Owens moves to fix ledger

In wake of audit, a bid to resurrect comptroller's office

March 19, 2000|By Scott Calvert | Scott Calvert,SUN STAFF

Responding to a stinging independent audit of Anne Arundel County's 1999 finances, County Executive Janet S. Owens announced Friday that she plans to re-establish a separate comptroller's office and hire two additional accountants to improve recordkeeping.

To bolster the county's financial management team, she has also tapped former state banking commissioner H. Robert Hergenroeder to be assistant chief administrative officer for $71,000 a year. Owens said Hergenroeder's appointment was indirectly related to the audit and had been in the works for a while.

Owens also said County Attorney Linda M. Schuett will examine the "functionality" of the county's new One World financial computing system and explore whether the county is due a refund. The system is on pace to exceed cost projections by $400,000 and has been linked to problems cited by auditors from the accounting firm Arthur Andersen.

The two companies working on the county's One World system say that though there have been bumps in the transition, problems haven't been out of the ordinary.

In another audit-related matter, John R. Hammond, county financial officer, said his staff has cleared up most of an $11 million discrepancy in purchasing accounts, determining that the county does not owe the money, as had been thought possible. The gap was among the biggest questions raised by the audit, released Tuesday.

By reacting quickly to the audit, Owens said, she hopes to reassure the public and the County Council as work on the 2000-2001 budget moves into high gear. Council members greeted the report Tuesday with frustration and questions about the reliability of administration figures.

"The county is in solid financial shape," Owens said. "But this audit has raised questions that must be answered."

Owens said she does not know whom she will name comptroller, assuming the County Council approves creation of the office. Assistant Financial Officer Alfred F. Warfield oversees financial recordkeeping, under Hammond's supervision. The comptroller's duties were merged with the budget office in the early 1990s as a cost-cutting move by then-County Executive Robert R. Neall. Owens said budget and accounting functions should be separate.

Council Chairman Daniel E. Klosterman Jr. praised the proposed realignment as "a quick and decisive move."

Under grilling by council members Tuesday, Warfield attributed the poor audit results largely to staffing shortages and problems with One World. Though many flaws noted by auditors are procedural -- the failure to track cash properly, for example -- others dated to installation of One World in May.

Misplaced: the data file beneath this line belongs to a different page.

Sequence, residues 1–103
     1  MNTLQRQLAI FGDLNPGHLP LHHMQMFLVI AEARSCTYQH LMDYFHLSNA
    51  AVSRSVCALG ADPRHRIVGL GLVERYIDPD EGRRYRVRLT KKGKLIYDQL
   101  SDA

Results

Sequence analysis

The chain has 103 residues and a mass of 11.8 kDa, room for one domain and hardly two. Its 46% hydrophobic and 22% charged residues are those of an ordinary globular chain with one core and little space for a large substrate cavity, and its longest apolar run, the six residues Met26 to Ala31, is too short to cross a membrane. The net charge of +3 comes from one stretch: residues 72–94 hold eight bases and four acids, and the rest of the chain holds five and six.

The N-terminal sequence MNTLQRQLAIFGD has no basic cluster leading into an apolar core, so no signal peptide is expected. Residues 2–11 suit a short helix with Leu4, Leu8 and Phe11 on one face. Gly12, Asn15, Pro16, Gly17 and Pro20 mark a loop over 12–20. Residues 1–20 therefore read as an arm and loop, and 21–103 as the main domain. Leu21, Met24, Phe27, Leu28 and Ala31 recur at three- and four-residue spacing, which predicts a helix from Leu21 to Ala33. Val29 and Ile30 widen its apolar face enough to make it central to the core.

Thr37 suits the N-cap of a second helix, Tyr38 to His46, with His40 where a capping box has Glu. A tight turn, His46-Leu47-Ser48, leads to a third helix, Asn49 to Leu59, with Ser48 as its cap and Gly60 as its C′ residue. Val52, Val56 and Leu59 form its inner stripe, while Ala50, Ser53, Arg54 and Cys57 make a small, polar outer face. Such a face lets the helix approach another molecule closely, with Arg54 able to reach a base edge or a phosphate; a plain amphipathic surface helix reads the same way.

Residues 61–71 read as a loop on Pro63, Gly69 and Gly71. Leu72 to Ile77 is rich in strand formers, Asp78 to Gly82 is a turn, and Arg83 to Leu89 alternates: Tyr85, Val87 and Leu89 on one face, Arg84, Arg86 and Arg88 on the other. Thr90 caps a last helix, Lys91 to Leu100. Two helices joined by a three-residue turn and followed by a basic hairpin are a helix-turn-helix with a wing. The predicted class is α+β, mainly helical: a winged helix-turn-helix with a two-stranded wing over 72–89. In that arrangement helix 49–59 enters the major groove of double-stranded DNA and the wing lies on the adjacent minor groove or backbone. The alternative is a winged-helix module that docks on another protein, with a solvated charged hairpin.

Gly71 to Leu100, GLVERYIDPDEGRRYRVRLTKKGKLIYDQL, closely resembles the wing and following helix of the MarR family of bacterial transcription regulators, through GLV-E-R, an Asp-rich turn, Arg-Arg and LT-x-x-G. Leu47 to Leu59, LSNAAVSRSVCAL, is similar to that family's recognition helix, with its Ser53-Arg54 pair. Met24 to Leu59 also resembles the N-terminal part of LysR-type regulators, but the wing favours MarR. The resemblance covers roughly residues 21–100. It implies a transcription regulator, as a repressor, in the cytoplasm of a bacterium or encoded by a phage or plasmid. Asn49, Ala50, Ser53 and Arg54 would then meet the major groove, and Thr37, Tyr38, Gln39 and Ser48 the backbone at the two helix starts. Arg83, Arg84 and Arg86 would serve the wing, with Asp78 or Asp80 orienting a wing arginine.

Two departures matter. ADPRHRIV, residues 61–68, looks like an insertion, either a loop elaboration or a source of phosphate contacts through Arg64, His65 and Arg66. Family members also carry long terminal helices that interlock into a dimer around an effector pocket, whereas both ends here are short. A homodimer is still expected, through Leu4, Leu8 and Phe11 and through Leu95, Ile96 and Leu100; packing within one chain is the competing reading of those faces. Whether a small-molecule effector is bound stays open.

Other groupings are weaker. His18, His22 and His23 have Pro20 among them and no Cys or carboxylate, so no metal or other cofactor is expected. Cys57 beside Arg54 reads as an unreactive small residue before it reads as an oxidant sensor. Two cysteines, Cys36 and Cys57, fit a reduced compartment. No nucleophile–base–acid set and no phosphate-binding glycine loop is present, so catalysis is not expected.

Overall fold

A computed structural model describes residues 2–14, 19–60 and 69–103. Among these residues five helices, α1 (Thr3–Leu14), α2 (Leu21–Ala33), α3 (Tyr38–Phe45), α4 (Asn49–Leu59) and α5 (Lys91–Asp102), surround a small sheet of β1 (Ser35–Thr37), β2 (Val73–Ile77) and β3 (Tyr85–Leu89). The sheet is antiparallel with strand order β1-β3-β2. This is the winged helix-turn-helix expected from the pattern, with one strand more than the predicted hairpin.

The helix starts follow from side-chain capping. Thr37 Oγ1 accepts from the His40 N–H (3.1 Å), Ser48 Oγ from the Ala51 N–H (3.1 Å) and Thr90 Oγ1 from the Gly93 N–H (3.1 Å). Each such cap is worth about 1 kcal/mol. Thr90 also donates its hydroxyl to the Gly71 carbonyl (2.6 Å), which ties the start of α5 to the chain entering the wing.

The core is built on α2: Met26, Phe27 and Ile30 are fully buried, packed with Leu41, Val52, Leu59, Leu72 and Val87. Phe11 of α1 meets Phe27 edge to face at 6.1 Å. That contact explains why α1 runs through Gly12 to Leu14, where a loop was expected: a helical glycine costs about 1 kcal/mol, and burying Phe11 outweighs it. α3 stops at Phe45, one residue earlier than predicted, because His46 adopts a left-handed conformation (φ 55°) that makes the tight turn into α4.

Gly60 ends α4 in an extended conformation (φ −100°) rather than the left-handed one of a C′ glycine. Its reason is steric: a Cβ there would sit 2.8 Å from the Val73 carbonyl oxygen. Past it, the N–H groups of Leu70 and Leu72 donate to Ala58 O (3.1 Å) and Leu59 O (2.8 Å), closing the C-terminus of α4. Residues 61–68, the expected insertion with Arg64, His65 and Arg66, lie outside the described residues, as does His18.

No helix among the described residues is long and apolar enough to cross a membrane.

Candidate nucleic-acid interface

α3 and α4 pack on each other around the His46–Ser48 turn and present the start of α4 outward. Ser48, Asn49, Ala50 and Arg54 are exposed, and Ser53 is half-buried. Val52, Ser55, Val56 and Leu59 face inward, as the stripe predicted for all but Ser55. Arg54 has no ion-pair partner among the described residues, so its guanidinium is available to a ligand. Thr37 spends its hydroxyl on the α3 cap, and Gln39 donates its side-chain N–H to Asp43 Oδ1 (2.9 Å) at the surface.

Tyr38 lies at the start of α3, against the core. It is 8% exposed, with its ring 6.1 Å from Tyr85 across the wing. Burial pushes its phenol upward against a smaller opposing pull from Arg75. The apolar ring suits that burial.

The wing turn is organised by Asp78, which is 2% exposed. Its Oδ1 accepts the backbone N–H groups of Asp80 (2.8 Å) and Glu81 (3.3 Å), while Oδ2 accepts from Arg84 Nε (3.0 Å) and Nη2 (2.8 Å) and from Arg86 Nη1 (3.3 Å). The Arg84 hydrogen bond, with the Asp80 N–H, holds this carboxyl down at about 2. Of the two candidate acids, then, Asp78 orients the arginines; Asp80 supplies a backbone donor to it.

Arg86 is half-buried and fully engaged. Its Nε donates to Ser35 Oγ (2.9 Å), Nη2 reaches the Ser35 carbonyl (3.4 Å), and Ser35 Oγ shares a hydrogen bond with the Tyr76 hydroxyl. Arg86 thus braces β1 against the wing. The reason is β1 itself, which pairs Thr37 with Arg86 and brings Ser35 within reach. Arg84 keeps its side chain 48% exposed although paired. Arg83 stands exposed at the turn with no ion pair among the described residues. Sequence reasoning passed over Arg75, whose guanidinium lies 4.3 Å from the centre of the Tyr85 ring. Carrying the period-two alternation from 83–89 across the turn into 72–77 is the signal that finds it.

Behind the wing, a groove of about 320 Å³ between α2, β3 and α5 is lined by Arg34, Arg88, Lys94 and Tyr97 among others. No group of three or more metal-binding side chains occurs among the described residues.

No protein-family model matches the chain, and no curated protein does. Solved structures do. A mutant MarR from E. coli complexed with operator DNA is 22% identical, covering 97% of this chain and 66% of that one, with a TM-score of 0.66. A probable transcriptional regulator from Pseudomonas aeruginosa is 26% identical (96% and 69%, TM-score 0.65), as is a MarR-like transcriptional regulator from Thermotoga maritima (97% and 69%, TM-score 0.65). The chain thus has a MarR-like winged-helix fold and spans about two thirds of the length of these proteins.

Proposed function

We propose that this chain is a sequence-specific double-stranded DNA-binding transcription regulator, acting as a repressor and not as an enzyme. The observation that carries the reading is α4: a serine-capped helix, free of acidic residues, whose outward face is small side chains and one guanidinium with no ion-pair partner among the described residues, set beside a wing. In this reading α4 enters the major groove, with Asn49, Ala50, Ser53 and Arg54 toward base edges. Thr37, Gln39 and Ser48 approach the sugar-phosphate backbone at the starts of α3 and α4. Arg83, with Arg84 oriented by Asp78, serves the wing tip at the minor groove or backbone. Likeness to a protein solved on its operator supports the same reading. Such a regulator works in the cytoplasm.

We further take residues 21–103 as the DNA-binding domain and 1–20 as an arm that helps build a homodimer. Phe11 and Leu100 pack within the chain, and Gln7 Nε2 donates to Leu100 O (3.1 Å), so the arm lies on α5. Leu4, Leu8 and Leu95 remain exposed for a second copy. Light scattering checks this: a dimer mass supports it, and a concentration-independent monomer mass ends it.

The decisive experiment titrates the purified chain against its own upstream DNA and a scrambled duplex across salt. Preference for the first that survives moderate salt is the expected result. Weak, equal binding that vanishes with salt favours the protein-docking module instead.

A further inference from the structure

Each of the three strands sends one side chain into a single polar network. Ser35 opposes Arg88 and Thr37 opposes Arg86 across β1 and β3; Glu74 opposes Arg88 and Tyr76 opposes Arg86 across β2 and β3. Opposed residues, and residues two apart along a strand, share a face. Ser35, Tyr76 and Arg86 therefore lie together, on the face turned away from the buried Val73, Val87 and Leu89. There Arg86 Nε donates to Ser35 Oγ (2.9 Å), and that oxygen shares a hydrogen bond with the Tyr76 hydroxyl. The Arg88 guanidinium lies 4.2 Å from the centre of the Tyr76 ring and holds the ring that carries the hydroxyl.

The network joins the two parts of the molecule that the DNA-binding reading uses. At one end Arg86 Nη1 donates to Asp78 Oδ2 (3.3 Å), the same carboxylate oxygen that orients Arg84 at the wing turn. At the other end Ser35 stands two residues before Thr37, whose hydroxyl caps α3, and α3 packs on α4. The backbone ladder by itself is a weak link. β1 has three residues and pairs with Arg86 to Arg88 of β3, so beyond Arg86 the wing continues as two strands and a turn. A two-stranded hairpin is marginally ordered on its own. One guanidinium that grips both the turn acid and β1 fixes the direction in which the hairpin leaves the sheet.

In one case, computer glitches caused the county to lose track of several million dollars in orders for goods and services, the county maintains. As a result, budget officials have had to estimate how much is owed vendors, setting a range of $2 million to $7 million. This is separate from the $11 million discrepancy, which Hammond blamed on human error.

There are lingering computer problems, Hammond said. Departments still have a hard time tracking their spending with One World and posting change orders for projects.

Recently, Hammond swapped "war stories" in Annapolis with officials from Orlando, Fla., and Danbury, Conn., both of which purchased One World from Denver-based J. D. Edwards and have had problems. All were among the first governments to buy the software.

Chris Houston of J. D. Edwards denied that the company's software contributed to the poor audit and said glitches have been no worse than with "any other software product."

"We're an easy culprit here," Houston said.

When Anne Arundel selected J. D. Edwards in late 1997 to replace its antiquated computer system, the county expected to spend between $6 million and $8 million by the end of 2002. The county has spent $6.9 million, Hammond said, and is on track to spend $8.4 million through 2002. The additional $1.5 million is budgeted for software and equipment licensing.

Hammond said trouble with One World forced the county to hire Richard Eisner Associates Inc. to help IBM, a partner of J. D. Edwards, in the installation. Eisner's bill to the county has reached $1 million.

"I've mentioned to both IBM and Edwards people I wasn't satisfied that what was promised in the product has actually been delivered," Hammond said.

IBM officials say the installation -- which included modifying other county computer systems so they could communicate with One World -- is nearly complete. And though there have been glitches, they say that is common with large-scale systems.

"This was a very complex project, further complicated by the newness of the software and the fact that a lot of the systems were not automated," company spokeswoman Sue Hoffman said.

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